analyzing the viewer’s sensory response to a particular visual,. For your Final Visual Analysis Paper, review the feedback and grading on your Week 4 Thesis and Outline submission. Apply the feedback comments in your written analysis paper. This paper needs to be at least six pages in length using APA formatting; this length does not include images or the APA title/reference pages.
Be sure to substantiate your analysis ideas with quotes and information from at least four academic sources.
These four academic sources may include any of the following:
- Robin Landa’s etextbook,
- Additional readings located under each module, and/or articles you find in our LLS – for additional help finding research articles click here to set an appointment.
In your final paper, remember to consider the effects the visual elements have on the viewers:
- Sensory Response – When analyzing the viewer’s sensory response to a particular visual, it is important to consider the visual elements that attract the eyes. Close your eyes when considering a visual. When you open your eyes, what are the first visual elements that you see? When analyzing a viewer’s Sensory Response, you may consider analyzing at least two of the following effects:
- Perceptual Response – When analyzing a viewer’s perception of visuals, it is important to consider the audience. Consider who is or is not attracted to this type of visual communication. When analyzing a viewer’s Perceptual Response, consider at least two of the following effects:
- Target audience specifics (age, profession, gender, financial status, etc.)
- Cultural familiarity elements (ethnicity, religious preference, social groups, etc)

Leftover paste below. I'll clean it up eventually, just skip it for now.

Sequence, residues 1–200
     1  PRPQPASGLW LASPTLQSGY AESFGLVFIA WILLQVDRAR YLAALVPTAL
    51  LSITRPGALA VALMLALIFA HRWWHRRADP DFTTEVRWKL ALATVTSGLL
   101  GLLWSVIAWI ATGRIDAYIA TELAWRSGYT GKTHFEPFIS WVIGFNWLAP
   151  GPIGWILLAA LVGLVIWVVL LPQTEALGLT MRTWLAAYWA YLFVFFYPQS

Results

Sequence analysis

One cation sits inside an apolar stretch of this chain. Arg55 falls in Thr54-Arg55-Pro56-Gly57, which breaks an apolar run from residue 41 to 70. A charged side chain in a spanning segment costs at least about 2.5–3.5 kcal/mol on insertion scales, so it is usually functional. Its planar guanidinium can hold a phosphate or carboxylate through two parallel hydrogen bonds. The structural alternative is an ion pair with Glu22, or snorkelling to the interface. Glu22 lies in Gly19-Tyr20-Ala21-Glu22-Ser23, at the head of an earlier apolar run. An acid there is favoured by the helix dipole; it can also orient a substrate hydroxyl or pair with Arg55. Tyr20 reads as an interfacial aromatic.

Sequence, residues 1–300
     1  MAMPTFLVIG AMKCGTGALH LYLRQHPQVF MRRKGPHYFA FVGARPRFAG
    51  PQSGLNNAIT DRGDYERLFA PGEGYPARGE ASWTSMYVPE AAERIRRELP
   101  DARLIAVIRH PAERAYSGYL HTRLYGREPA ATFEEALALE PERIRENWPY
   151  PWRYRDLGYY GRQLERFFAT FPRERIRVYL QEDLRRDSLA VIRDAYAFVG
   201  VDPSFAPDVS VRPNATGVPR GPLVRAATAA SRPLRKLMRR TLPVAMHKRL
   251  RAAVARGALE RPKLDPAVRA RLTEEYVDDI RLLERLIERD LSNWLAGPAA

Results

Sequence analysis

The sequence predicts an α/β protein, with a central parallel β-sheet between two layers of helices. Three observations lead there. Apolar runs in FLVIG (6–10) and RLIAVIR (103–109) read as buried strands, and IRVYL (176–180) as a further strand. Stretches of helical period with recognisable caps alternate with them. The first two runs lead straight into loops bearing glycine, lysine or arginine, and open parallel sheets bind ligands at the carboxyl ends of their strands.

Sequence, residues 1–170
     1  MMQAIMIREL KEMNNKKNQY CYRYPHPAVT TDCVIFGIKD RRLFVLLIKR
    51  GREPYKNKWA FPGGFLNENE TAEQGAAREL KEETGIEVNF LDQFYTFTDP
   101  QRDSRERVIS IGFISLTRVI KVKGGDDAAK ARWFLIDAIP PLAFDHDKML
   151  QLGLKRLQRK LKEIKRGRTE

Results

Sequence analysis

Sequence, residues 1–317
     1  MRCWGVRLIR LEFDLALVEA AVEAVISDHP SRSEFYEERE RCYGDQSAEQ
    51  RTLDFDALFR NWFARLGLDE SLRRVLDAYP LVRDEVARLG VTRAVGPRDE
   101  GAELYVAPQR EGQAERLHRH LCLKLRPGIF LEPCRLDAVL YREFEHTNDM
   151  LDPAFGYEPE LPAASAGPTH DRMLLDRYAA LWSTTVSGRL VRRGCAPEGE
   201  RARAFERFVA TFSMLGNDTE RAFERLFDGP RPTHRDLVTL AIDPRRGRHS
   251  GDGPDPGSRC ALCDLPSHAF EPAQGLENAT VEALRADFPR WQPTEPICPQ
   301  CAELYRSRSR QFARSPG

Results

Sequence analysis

- Cognitive visuals (viewer’s memories, experiences, values, beliefs, etc.)
- Technical Response – When analyzing a viewer’s response to certain visuals, we need to consider the technical visual aspects that may affect perception. Describe how visuals affect the interpretation of the intended media communication message. Address specific technological elements that impact perception. When analyzing the Technical Response, consider the Laws of Perceptual Organization (similarity, proximity, continuity, common fate, etc), and at least two of the following types of visuals:
- Drop-down menus
- Hover-over highlighting
- Quality of visuals
- Emotional Response – When analyzing a viewer’s Emotional Response, it is important to consider the targeted audience preferences and emotional intelligence. Discuss what the viewer might want to see and what type of visual presentation will set the tone for that response. When analyzing the Emotional Response, consider the effects of at least two of the following types of visuals:
- Mood setting colors
- Mood setting lighting
- Persuasive images
- Positioning of search or purchase buttons
- Social media icons and share options
- Ethical Response – When analyzing a viewer’s Ethical Response, it is important to consider the targeted audience values and beliefs. Identify any negative messages about certain ideas, groups, or cultures. Describe and pinpoint images that may be inappropriate for a variety of viewers. Keep in mind that your website can be accessed by all ages and groups. When analyzing the Ethical Response, consider at least two of the following types of visuals:
- Visual stereotypes
- Limitations in diversity
- Inappropriate images for all audiences
- Digital alterations
- False representation or advertising
James, J. P., Lee, K., Zhang, M., & Williams, J. D. (2017). Ethics and policy issues for internet advertising: Targeting multicultural consumers in the digital marketing era. Journal of Management Policy and Practice, 18(4), 93-106.
Landa, R. Graphic Design Solutions. [Bookshelf Ambassadored]. Retrieved from https://ambassadored.vitalsource.com/#/books/9781337671064/
Panigyrakis, G. G., & Kyrousi, A. G. (2015). Color effects in print advertising: A research update (1985-2012). Corporate Communications, 20(3), 233-255.
Visual communication strategy: Design drawing. (2016). In M. Berman, The blueprint for strategic advertising: How critical thinking builds successful campaigns. New York, NY: Routledge.